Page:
Double tax treaties are agreements between two individual countries, not groups of countries. Double tax treaties are not exclusively something between EU member countries, they are a global phenomenon. The UK has one of the most extensive set of treaties of any country and there are treaties between the UK and each one of the other EU countries.  So, leaving the EU will not change the personal income tax position of a UK employee working in another EU country, nor of an EU employee working in the UK.

Having said that, there is one area, which I think will be at risk and that is personal allowances.  Currently all UK tax residents are entitled to the annual personal tax-free allowance of £11,500. A person can have £11,500 of earnings before they pay any personal income tax. This is unlikely to change. However, what could be on the cards in the future is the availability of the personal allowance for non-residents.

Personal allowances are given not just to UK tax residents, but also to certain persons of the right nationality, even if they are not resident in the UK. In case you’ve never realised, the UK tax system is an openly racist one. Pre-6 April 2010, the “right” nationality included British citizens, Commonwealth citizens and EU/EEA citizens. So, a UK national working abroad with a small amount of income back in the UK, say from renting out their UK home while they were away, does not pay any UK tax provided the income is less than the personal allowance. It relieves a lot of unnecessary filing of self-assessment tax returns for individuals and it saves HMRC money since the cost of collecting the tax would exceed the amount of tax collected. From 6 April 2010, Commonwealth citizens were taken off the list of accepted nationalities. EU and EEA citizens couldn’t be taken off the list too as under EU law, citizens of other EU and EEA countries cannot be treated differently from British citizens.  So, Brexit could afford the UK another chance to make this change.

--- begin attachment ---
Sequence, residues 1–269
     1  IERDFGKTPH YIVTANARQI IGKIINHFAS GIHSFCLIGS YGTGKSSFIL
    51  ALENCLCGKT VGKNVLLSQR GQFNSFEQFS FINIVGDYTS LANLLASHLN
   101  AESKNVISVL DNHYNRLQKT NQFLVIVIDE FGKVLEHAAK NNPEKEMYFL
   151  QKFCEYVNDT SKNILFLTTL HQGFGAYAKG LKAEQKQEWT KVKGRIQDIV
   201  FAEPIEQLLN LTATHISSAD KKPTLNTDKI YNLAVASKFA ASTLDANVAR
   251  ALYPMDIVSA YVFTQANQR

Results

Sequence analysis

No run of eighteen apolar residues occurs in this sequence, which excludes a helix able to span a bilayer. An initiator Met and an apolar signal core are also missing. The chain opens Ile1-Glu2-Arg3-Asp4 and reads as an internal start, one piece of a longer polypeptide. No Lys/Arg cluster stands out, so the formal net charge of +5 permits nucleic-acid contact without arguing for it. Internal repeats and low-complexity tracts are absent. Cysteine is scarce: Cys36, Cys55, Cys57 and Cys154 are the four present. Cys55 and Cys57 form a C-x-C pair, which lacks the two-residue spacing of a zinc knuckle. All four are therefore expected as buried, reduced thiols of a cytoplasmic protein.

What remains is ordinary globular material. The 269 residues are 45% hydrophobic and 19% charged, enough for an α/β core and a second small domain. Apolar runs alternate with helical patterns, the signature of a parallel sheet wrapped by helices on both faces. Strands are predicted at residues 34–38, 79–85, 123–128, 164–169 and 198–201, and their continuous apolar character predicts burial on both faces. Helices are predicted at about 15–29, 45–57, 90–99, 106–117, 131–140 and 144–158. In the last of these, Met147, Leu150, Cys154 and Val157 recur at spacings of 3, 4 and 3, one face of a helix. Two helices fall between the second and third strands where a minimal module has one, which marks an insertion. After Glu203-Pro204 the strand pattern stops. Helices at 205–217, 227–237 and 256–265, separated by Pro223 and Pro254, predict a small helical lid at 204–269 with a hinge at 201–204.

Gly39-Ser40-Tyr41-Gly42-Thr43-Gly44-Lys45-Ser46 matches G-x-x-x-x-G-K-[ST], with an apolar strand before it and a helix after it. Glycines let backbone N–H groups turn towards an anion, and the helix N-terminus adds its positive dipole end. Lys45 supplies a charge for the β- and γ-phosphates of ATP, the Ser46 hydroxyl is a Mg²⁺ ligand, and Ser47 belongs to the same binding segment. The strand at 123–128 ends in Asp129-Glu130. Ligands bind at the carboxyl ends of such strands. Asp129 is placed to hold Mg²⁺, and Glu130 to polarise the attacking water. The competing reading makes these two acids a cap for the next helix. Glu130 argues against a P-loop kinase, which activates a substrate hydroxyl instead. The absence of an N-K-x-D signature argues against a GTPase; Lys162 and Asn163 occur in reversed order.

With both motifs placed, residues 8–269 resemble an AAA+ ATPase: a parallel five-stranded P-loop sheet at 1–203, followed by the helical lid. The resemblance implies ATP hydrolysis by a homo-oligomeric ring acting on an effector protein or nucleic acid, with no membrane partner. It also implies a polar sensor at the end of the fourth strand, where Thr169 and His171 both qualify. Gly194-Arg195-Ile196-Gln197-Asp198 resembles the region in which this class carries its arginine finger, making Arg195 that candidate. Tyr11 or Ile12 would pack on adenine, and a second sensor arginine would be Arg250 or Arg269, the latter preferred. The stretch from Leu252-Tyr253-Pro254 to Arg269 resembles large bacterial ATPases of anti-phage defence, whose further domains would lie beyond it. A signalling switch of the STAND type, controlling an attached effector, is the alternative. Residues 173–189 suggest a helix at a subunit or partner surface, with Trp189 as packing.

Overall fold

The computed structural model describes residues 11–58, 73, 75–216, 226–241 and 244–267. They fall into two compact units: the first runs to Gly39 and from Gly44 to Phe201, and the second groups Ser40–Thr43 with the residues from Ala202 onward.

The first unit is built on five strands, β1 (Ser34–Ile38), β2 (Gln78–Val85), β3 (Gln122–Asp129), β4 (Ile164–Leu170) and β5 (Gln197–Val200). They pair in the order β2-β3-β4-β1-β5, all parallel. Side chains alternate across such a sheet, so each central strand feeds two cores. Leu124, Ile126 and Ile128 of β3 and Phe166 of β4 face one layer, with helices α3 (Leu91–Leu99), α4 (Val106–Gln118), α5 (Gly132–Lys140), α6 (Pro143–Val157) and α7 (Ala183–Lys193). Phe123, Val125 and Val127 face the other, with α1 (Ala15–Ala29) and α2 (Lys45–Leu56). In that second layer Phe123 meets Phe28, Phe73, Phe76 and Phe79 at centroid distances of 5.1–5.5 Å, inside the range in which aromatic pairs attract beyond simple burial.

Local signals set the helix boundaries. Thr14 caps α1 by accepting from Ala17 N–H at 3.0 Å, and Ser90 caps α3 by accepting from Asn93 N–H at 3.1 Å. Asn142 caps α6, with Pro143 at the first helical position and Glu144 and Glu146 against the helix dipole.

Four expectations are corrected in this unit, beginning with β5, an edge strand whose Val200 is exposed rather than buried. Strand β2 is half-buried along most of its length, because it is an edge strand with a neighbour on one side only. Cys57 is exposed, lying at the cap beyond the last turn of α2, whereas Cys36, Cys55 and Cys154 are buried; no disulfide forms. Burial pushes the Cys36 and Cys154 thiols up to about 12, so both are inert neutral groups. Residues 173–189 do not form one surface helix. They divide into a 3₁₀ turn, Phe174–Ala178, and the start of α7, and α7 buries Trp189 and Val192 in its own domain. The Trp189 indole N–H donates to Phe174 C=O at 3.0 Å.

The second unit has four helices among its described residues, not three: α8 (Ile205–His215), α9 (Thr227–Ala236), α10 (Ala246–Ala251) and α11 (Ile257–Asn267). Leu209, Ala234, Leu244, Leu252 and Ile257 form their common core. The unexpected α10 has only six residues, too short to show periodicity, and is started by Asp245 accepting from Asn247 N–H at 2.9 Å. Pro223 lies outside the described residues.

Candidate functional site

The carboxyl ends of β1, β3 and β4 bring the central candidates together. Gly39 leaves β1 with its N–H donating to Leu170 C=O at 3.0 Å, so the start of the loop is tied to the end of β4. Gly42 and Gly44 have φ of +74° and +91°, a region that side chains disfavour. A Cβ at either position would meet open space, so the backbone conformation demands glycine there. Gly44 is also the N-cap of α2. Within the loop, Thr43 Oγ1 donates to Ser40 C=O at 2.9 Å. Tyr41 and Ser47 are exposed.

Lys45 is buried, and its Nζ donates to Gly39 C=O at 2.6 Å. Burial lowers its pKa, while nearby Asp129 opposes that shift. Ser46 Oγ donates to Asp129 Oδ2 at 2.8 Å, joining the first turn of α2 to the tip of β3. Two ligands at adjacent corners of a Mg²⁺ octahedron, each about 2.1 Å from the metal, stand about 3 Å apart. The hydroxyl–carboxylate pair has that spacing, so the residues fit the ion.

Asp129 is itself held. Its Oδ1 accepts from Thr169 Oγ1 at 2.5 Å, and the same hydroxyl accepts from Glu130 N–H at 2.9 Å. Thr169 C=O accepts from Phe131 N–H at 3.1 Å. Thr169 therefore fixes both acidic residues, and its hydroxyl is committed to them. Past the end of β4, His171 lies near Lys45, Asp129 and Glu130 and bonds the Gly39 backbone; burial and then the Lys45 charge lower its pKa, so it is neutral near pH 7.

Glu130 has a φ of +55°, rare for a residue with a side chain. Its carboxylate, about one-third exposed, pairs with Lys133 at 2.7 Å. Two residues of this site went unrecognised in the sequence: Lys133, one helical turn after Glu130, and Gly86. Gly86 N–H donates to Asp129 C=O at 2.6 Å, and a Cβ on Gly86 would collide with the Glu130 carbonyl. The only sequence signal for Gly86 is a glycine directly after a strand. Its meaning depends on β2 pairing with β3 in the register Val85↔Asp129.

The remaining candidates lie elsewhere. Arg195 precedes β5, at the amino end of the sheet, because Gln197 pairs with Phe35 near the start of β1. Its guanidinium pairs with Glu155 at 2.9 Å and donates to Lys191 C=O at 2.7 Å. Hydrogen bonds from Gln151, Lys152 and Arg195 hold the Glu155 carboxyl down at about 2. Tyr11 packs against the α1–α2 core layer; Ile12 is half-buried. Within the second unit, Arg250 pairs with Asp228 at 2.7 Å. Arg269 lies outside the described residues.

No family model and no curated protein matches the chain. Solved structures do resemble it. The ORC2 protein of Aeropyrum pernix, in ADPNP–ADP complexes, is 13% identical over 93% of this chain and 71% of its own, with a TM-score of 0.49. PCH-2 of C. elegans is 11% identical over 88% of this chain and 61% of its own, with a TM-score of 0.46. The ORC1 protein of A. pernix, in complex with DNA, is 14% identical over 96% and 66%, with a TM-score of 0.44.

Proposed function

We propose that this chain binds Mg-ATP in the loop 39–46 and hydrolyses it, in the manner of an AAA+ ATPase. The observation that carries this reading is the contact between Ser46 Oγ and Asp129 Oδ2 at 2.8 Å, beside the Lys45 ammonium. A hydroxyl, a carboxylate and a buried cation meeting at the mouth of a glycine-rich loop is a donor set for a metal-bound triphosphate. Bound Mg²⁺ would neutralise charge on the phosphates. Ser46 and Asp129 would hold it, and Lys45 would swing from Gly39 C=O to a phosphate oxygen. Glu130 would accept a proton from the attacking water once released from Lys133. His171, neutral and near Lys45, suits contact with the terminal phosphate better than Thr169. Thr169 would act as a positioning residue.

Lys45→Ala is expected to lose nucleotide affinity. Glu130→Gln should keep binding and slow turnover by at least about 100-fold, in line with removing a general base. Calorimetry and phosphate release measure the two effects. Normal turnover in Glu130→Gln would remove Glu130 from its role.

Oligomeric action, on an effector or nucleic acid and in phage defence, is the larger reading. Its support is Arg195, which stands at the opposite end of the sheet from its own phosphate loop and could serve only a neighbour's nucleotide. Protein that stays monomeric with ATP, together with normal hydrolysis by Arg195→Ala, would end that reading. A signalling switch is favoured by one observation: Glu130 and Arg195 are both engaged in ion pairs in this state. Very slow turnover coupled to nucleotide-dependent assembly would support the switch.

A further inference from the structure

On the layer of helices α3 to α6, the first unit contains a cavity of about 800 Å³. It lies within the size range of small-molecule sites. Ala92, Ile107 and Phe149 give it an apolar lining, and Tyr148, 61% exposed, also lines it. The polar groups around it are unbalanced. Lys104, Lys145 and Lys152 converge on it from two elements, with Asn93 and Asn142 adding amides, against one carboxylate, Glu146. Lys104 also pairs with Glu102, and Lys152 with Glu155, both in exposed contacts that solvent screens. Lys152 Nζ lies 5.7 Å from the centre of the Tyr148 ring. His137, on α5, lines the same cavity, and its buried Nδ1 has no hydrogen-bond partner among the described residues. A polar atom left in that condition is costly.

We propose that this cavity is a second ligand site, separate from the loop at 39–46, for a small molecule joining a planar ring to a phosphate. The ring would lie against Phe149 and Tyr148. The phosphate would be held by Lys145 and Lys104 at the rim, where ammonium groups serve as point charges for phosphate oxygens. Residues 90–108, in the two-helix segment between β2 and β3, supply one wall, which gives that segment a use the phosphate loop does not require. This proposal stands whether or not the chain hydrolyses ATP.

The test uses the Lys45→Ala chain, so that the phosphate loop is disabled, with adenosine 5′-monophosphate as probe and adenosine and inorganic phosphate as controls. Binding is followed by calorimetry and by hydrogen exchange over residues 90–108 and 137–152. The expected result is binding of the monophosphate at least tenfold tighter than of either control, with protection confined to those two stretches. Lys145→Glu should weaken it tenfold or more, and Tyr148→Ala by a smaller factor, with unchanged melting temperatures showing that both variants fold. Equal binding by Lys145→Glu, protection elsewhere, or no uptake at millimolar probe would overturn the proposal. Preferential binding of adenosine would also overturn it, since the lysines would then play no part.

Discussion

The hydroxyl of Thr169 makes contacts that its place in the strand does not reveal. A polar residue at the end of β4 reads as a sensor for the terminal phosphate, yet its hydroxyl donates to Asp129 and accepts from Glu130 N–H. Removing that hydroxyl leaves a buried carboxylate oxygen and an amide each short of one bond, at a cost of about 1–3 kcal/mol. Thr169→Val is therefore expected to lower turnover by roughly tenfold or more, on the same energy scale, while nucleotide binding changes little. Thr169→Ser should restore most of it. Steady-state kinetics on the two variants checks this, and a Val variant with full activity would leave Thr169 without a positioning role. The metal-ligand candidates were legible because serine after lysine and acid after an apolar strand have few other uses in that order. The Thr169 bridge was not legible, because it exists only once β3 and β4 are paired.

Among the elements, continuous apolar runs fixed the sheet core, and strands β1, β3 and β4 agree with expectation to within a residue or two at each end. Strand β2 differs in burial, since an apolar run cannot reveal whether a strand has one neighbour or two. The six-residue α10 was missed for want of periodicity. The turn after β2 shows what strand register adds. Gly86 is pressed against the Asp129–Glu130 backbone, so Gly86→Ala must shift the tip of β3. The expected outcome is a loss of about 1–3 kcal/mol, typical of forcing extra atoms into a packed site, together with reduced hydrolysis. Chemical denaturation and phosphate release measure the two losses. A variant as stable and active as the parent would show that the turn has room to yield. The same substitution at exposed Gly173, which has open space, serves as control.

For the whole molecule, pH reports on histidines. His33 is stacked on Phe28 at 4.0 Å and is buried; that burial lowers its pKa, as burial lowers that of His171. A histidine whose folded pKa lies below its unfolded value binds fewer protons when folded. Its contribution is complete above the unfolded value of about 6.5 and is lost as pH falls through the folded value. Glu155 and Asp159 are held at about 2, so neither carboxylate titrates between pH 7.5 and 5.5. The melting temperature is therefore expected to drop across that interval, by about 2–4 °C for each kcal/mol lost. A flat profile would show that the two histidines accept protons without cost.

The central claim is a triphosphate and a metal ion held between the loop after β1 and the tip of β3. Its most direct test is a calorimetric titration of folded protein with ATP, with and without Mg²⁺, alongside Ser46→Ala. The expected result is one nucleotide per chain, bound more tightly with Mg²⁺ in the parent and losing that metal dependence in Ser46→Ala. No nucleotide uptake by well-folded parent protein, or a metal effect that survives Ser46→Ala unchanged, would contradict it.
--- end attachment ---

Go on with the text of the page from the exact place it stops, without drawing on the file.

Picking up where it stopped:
It might seem like a small issue but there are a great many EU citizens who are resident in their home country but who work occasionally in the UK and who are liable to UK tax when they do. Many, however, do not pay UK tax because the small percentage of their salary, which is liable to UK tax, is less than the annual allowance. This saves their employers, HMRC and tax advisers from a considerable admin burden of operating PAYE and then having to correct the tax paid later by simply taking them out of the UK tax system altogether.  It’s just one more thing that is going to make the UK a less attractive place to do business.

So, in summary, Brexit won’t change the personal income tax rules, but it could give the UK Government a chance to get some more tax out of EU workers, but at what cost?